Coloplast has finalised its first pivotal clinical study on Luja, a new intermittent male catheter, designed to reduce the risk of urinary tract infections by minimising residual urine and reducing bladder microtrauma1.
The study’s primary endpoints were urinary flow-stop episodes and residual volume at first flow-stop. A flow-stop occurs when bladder mucosa is sucked into the catheter eyelets, thereby blocking the urine flow. A blockage requires repositioning of the catheter in order to resume the urine flow to empty the bladder2. Additionally, hematuria was assessed by dipstick, and post-catheterisation volume of residual urine was measured with an ultrasound bladder scanner.
Statistically significant results
A selection of the data from the study, which showed statistically significant results, was presented at the United Kingdom Continence Society (UKCS) Annual Scientific Meeting in Sheffield, UK, on 30 March3:
- Catheterisation with Luja resulted in close to zero flow-stops compared to one flow-stop on average with VaPro*.
- Luja achieved complete bladder emptying* in 90% of catheterisations, while VaPro achieved this in 52% of catheterisations.
- Catheterisation with Luja resulted in a 74% less likelihood of hematuria post-catheterisation, compared to VaPro.
"I am very pleased with the results of the Luja CP353 study. All primary and secondary endpoints have been successfully met, and the study clearly demonstrates that Luja significantly improves bladder emptying. I am excited by what Luja can do for people who use intermittent catheters to empty their bladder, and I look forward to following the launch in the coming months," says Nicolai Buhl, Executive Vice President of Innovation at Coloplast.
The CP353 study
Urinary tract infections represent a significant challenge for people who use intermittent catheters to empty their bladder, and on average users experience 2-3 urinary tract infections per year1,4. Almost half of intermittent catheter users are unsure whether their bladder has been fully emptied after catheterisation4.
When emptying the bladder with conventional eyelet catheters, the flow of urine can be interrupted because the bladder mucosa surrounding the eyelets is sucked into the catheter**. These flow-stops can give users the false impression that their bladder is empty3, potentially leading to premature removal of the catheter and residual urine left behind in the bladder. To release the mucosa from the eyelets, and resume flow, users are required to reposition the catheter which can result in microtrauma**. Residual urine and microtrauma are both important risk factors for urinary tract infections1,,5-6. Consequently, users of conventional eyelet catheters are exposed to both these risk factors1 when they perform their catheterisation.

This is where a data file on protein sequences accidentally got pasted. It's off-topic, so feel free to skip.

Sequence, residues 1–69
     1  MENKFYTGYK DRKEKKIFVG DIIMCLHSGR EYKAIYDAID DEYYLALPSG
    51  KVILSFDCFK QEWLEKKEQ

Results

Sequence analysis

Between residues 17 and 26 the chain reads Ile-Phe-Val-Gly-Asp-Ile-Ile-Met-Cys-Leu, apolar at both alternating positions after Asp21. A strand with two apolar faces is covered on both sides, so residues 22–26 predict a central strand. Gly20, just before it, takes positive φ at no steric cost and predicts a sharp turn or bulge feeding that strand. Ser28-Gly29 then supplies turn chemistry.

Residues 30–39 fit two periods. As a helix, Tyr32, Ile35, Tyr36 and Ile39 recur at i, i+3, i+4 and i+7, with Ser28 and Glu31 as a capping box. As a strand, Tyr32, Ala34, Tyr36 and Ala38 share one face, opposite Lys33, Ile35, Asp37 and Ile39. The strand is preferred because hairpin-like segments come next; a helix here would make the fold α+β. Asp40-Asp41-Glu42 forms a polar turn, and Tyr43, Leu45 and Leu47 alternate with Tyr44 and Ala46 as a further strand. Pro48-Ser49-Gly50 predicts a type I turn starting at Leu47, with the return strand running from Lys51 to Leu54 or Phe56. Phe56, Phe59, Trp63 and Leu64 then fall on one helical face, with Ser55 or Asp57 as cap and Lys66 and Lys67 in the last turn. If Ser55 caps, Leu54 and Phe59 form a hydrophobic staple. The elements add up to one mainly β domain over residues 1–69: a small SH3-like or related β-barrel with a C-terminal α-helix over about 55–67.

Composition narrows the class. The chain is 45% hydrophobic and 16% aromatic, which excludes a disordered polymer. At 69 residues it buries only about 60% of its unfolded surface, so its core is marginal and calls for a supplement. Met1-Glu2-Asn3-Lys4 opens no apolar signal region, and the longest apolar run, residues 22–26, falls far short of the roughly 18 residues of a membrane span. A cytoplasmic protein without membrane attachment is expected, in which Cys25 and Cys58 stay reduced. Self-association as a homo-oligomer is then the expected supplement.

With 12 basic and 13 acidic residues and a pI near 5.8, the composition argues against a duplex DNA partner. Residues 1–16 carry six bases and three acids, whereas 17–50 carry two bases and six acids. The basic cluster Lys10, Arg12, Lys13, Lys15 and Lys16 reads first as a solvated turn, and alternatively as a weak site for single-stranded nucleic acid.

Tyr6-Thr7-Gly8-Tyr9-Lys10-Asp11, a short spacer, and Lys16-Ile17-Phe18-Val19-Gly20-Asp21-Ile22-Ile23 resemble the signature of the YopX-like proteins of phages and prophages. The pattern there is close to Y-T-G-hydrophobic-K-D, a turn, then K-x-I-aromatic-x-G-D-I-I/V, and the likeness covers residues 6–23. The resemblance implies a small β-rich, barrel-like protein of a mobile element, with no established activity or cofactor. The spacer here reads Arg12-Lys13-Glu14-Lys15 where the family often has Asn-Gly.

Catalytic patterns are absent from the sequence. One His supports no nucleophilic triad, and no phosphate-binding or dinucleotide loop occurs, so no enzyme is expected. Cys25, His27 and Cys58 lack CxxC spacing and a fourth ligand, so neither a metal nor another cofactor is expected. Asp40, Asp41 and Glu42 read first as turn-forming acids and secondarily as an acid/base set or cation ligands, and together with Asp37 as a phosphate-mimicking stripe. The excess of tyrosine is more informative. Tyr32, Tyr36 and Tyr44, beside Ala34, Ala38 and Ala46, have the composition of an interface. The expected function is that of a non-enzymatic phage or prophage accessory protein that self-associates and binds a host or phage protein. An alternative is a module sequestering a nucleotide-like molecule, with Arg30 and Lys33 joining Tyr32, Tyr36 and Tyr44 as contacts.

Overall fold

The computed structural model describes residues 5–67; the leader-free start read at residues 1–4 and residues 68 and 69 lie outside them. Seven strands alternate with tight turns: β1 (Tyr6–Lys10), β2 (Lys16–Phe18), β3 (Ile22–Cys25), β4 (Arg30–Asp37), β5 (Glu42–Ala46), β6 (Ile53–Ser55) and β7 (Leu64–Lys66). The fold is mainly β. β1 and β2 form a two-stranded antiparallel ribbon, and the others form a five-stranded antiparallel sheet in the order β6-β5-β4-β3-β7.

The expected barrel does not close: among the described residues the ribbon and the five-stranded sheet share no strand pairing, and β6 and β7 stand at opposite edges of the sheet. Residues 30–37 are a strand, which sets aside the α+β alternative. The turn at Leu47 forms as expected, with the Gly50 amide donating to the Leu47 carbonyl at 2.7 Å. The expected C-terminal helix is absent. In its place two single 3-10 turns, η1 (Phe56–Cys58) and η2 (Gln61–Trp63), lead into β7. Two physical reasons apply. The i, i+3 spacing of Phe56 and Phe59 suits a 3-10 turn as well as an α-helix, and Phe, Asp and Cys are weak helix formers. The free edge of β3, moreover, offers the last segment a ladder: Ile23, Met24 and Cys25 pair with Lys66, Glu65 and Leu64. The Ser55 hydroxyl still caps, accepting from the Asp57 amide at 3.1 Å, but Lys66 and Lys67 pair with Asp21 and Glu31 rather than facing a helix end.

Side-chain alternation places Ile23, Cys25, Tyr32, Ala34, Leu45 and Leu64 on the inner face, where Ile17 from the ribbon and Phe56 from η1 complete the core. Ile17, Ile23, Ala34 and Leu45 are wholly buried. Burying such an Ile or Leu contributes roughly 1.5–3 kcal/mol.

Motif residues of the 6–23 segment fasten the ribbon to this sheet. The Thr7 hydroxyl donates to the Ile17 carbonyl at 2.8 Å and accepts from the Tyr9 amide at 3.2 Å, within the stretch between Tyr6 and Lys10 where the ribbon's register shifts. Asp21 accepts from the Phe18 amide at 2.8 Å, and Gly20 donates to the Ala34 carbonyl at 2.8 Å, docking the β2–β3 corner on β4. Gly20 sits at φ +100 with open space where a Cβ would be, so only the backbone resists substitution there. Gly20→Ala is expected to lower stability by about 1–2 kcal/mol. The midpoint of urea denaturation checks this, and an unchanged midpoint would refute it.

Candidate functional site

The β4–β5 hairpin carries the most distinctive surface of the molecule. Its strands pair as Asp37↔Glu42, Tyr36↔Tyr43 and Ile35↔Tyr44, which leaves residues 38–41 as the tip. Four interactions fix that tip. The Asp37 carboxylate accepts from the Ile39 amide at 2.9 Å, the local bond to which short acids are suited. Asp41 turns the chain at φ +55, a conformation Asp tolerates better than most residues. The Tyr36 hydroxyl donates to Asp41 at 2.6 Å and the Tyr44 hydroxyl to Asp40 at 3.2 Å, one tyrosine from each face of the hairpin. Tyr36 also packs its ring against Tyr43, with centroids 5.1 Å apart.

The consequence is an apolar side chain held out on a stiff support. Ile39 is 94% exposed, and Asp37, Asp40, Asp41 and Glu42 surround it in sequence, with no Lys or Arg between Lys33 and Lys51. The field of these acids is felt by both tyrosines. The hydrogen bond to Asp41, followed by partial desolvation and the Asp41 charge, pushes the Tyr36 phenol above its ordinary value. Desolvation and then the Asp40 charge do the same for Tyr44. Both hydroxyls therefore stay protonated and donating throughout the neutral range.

The CP353 study investigated the performance of Coloplast’s new intermittent male catheter, Luja, with 80+ micro-holes designed to reduce urinary flow-stops and minimise residual urine. The investigation was a single-centre, crossover, randomised and controlled study, which consisted of one inclusion visit and two single test visits. A total of 42 subjects enrolled were catheterised by a healthcare professional with a Luja catheter and a VaPro catheter 3.
You can find the data set presented at the UKCS Annual Scientific Meeting via this link.
The Luja launch
The launch of CE-marked Luja is progressing well. Denmark and Finland were the first launch markets initiated as of February, to be followed by launch in Italy and the Netherlands in April. The product is expected to be available across Coloplast’s key markets over the next 12 months. Coloplast has finalised the second pivotal clinical study on Luja, the results of which are expected to be publicly available within the next few months.
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Luja is a medical device for which CE-mark has been affixed. Product availability is subject to regulatory process of individual countries and is not guaranteed.
* Luja has close to zero flow stops. Complete bladder emptying is defined as <10 mL (CP353, NCT05485922). After catheterisation, both catheters emptied the bladder to low and comparable residual volume post-catheterisation levels (meaning values for both Luja and VaPro were <8 mL).
**Tested in a pre-clinical setting (ex vivo)
Kennelly M, et al. Adult Neurogenic Lower Urinary Tract Dysfunction and Intermittent Catheterisation in a Community Setting: Risk Factors Model for Urinary Tract Infections. Advances in urology. 2019:2757862
Vahr et al. Catheterisation Urethral Intermittent in Adults. Arnhem, Netherlands: European Association of Urology Nurses (EAUN); 2013.
M.H. Landauro, et al. Micro-hole zone technology shows superior ability to empty the bladder: a crossover randomised controlled trial in users of intermittent catheters. UKCS Annual Scientific Meeting; Sheffield, United Kingdom 2023.
Islamoska et al. Nov 2022. Patient-reported risk factors for urinary tract infections are associated with lower quality of life among users of clean intermittent catheterisation. Poster at BAUN (Coloplast user survey 2022 (n=3464)
Grabe et al. Guidelines on urological infections. EAU Guidelines presented at the 26th EAU Annual Congress, Vienna. 2013:78-93.
Vasudeva and Madersbacher. Factors implicated in pathogenesis of urinary tract infections in neurogenic bladders: some revered, few forgotten, other ignored. Neurourol Urodyn. 2014;33(1):95-100.
Link to clinical trial: https://clinicaltrials.gov/ct2/show/NCT05485922?term=NCT05485922&draw=2&rank=1
Link to Kennelly article: https://www.hindawi.com/journals/au/2019/2757862/